You wouldn’t think of the zombie apocalypse as a time for togetherness and kind regard for your fellow man, but that’s exactly what it is. Think about it: between geographical distance and Francis’ vehement disdain for all things, the casts of Left 4 Dead 1 and 2 would’ve never even given each other the time of day – much less formed the kind of deep, tight-knit connections that can only blossom after you’ve scrubbed caked-on Boomer bile off each other’s backs. Left 4 Dead 2’s “The Passing” DLC, which is fresh out of Valve’s assuredly none-too-sanitary oven, is a perfect demonstration of this.
The DLC brings the original Left 4 Dead cast down to Georgia, where they encounter Left 4 Dead 2’s rag-tag band of survivors. In addition to what we’re sure will be all sorts of sitcom laugh track-worthy shenanigans and quips between the newly united parties, The Passing includes three new maps, the fallen survivor zombie class, the golf club melee weapon, a co-op challenge mode, and more. To top it all off, Valve’s rolling out new weekly game modes called “Mutations” -- like “Chainsaw Massacre,” which we think is pretty self-explanatory.
As with all things wonderful and good and from Valve (yeah, a bit redundant, we know) in this universe, The Passing is completely free. Just fire up Steam and the DLC will be waiting to infect your hard drive. Meanwhile, if you don’t own Left 4 Dead 2 yet and our previous chiding failed to convince you, Valve’s sprinkled the game with wallet bait again – this time dropping its price by 33%. So basically, whatever excuses you had last time… will still work, in all honesty. You’re only hurting yourself, though.
Gordon Freeman’s a bit of an odd duck. He’s fended off aliens, won the hearts of millions, and – most mystifyingly of all – graduated from MIT, all without making a peep. In this day and age of highly cinematic videogames, though, has the idea of a “silent protagonist” worn out its welcome? Not according to Valve’s Gabe Newell.
"We're not philosophically opposed to this, but we don't have any good reasons to do it,” Newell replied when asked if he’d ever consider unzipping Gordon Freeman’s lips. “Right now making your companions more interesting and compelling seems a more fruitful avenue to explore."
In addition, when asked if Valve has considered giving Gordon Freeman a better sense of “embodiment” – ala Mirror’s Edge – Newell stuck to his guns.
"We haven't had a reason to change that. Most of what I've seen to date has been gimmicky and is entertaining for just a minute or so."
Only in videogames can one of our greatest heroes be a mute disembodied floating arm. Well, unless we’re counting the Addams Family, anyway.
In case you need a reminder, we at MPC are pretty big Left 4 Dead 2 fans. In fact, if you were able to make it even half-way through our review of Valve’s fine-tuned take on cooperative zombie-slaughter without giving Valve a heaping handful of your money, well, we’re pretty sure you just hate being happy. Or, perhaps you made the mistake of wasting your precious funds on pointless causes like food and your family, and simply couldn’t afford Left 4 Dead 2. In which case, everything’s fine and dandy now, because Valve’s put the game on sale at the extremely attractive price of $24.99.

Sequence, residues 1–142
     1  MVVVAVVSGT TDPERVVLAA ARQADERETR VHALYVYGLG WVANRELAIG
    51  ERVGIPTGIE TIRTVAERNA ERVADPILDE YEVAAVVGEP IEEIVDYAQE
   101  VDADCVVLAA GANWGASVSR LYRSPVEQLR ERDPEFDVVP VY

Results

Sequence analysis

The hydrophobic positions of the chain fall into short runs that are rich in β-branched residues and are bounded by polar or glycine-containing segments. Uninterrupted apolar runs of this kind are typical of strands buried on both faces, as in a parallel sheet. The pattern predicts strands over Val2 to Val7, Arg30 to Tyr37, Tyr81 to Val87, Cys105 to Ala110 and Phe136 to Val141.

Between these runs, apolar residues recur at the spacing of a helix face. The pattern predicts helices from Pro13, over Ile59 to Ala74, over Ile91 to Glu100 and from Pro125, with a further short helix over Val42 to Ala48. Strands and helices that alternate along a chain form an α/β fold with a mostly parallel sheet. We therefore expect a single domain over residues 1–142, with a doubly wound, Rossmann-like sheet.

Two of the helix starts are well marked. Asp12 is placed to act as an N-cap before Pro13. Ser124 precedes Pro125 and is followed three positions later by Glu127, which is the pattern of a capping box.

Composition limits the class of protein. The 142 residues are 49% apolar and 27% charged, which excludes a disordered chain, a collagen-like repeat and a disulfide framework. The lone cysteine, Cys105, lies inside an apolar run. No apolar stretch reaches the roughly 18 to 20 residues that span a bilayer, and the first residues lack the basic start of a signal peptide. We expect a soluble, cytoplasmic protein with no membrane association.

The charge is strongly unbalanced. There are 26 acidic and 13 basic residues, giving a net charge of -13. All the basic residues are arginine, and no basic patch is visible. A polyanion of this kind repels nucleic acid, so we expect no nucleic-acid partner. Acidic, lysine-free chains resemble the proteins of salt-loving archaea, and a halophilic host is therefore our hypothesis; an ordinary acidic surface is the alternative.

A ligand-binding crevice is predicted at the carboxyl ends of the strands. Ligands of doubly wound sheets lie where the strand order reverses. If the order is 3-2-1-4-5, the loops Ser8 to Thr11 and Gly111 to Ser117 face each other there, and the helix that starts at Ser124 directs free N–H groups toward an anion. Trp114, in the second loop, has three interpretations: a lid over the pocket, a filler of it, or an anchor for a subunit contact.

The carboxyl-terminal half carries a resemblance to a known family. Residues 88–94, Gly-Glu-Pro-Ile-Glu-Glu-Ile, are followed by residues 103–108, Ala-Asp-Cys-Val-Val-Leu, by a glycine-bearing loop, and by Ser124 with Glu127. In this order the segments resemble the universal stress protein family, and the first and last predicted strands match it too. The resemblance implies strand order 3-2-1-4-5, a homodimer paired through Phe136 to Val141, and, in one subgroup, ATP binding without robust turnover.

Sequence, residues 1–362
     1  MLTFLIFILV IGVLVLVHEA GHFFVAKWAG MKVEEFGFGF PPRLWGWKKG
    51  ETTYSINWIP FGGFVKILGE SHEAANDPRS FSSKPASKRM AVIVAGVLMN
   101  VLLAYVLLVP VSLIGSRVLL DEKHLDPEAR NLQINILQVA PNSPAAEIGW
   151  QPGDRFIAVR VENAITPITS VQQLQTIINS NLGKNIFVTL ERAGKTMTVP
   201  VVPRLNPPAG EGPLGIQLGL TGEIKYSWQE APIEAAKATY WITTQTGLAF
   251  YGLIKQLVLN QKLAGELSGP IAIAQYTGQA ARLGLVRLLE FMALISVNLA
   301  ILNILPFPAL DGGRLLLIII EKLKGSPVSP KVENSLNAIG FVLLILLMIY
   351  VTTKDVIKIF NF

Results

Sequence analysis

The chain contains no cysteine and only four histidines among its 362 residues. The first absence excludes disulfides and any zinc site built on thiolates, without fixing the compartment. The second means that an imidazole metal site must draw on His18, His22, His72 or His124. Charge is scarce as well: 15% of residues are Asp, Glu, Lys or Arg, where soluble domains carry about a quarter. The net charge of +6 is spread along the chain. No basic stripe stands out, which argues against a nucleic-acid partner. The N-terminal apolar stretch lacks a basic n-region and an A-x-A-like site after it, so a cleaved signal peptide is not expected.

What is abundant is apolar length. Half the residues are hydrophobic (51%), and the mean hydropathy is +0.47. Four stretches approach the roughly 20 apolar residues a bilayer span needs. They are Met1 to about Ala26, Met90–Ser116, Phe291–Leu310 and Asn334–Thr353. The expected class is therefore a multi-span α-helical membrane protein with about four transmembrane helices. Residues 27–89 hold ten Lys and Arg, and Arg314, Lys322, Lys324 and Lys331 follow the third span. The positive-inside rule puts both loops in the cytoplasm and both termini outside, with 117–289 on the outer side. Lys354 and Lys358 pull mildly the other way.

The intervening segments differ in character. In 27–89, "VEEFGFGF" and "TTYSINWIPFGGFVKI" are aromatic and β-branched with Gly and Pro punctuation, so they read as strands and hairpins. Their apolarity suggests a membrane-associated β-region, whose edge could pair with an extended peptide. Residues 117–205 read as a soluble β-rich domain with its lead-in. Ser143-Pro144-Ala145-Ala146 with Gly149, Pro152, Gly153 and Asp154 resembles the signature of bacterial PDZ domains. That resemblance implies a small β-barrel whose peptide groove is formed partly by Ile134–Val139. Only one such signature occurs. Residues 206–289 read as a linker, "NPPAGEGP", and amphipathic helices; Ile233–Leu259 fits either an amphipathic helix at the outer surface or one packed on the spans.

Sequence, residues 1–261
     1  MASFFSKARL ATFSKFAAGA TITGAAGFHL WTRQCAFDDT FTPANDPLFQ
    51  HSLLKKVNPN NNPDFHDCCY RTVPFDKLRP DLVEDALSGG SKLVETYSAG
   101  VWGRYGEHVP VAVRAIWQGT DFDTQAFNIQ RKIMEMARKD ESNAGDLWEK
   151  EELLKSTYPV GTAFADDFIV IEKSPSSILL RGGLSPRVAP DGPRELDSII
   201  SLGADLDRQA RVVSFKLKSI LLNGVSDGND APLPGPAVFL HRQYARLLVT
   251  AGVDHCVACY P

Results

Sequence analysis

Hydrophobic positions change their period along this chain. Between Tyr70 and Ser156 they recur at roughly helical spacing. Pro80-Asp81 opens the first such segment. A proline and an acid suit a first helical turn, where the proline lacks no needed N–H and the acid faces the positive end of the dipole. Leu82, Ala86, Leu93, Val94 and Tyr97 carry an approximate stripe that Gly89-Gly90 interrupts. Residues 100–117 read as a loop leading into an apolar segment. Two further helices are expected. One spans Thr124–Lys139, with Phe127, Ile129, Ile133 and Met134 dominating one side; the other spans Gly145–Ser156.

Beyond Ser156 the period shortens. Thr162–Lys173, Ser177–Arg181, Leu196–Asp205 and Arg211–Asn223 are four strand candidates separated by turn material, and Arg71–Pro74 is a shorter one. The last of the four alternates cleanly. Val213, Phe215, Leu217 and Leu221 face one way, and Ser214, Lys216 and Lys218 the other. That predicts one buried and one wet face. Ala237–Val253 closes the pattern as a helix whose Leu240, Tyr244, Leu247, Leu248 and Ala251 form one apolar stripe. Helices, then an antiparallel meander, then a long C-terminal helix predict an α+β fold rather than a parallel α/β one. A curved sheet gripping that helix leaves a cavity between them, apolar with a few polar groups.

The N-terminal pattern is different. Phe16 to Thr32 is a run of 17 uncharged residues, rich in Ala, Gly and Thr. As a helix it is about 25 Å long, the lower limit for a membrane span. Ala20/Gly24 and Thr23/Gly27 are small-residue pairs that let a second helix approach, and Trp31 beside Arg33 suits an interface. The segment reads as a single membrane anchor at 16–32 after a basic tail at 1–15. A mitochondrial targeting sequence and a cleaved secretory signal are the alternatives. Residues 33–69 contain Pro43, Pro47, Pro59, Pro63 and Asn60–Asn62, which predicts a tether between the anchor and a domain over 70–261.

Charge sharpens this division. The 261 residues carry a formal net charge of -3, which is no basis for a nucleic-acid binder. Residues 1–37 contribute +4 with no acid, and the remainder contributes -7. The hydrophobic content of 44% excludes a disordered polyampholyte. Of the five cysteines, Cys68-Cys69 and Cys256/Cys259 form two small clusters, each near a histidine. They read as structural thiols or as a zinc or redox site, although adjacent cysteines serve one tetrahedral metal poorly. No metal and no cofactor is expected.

The sale runs from now until Thursday, and applies not just to vanilla Left 4 Dead 2, but also to any bundles that include the game. So basically, we recommend that you pounce on this deal like a starving, family-less guy who spent his last few bucks on Left 4 Dead 2 pouncing on free samples at the grocery store. Or something.
Valve also points out that Left 4 Dead 2’s eagerly anticipated “The Passing” DLC is coming sometime this spring, and will include – among other things – multiple brand new game modes. As in, more than one. Since Valve wrote that announcement in all caps, we’re gonna assume it’s a big deal. More details soon, we hope.
Seeing Tim Burton’s “Alice in Wonderland” on its opening night was a surprisingly illuminating experience for me. For one, I learned that – in my case, at least – introspection and trying to not get trampled by an ocean-like mass of 200 some-odd frothing, cosplaying fans are activities that go hand-in-hand. But as I watched/avoided becoming a doormat for a bunch of Wonderland wannabes, I realized something else: these people didn’t brave the cold (and the dark corners of their parents’ closets) because of their undying love for the timeless tale of Alice and her oddball companions. They did it because Tim Burton’s name was attached to the film. It could have been Tim Burton’s “Barney the Dinosaur” and they’d all have donned purple dinosaur costumes in a heartbeat.
I highly doubt that Infinity Ward’s planned not-Modern Warfare 3 project would’ve been received with such open arms. And evidently, so does Activision.
After all, former Infinity Ward bosses Jason West and Vince Zampella felt so creatively confined as to allegedly defy their contract with Activision and start making eyes EA, so clearly someone wasn’t exactly gung-ho about the Call of Duty creator’s bold new direction. Knowing Infinity Ward, though, regardless of the form the new project took, it probably would’ve been a fantastic game. So what gives? Well, at this point, I can only speculate, but money talks, and it’s telling me that Infinity Ward’s mystery game simply wasn’t a guaranteed mega-hit like Modern Warfare 3’s destined to be. Activision, in case you’d forgotten, likes money quite a lot.
We don't often post Mac-centric news (being primarily a Windows PC-based site and all), but every once in awhile, we can't help ourselves. This happens to be one of those times.
Valve yesterday announced plans to bring Steam, its gaming service, and Source, Valve's gaming engine, to the Mac platform.
"As we transition from entertainment as a product to entertainment as a service, customers and developers need open, high-quality Internet clients," said Gabe Newell, President of Valve. "The Mac is a great platform for entertainment services."
Valve said its library of games, including Left 4 Dead 2, Team Fortress 2, Counter-Strike, Portal, and the Half-Life series, will all be available next month, though the company didn't specify an exact date. And these won't be run through emulation, but natively.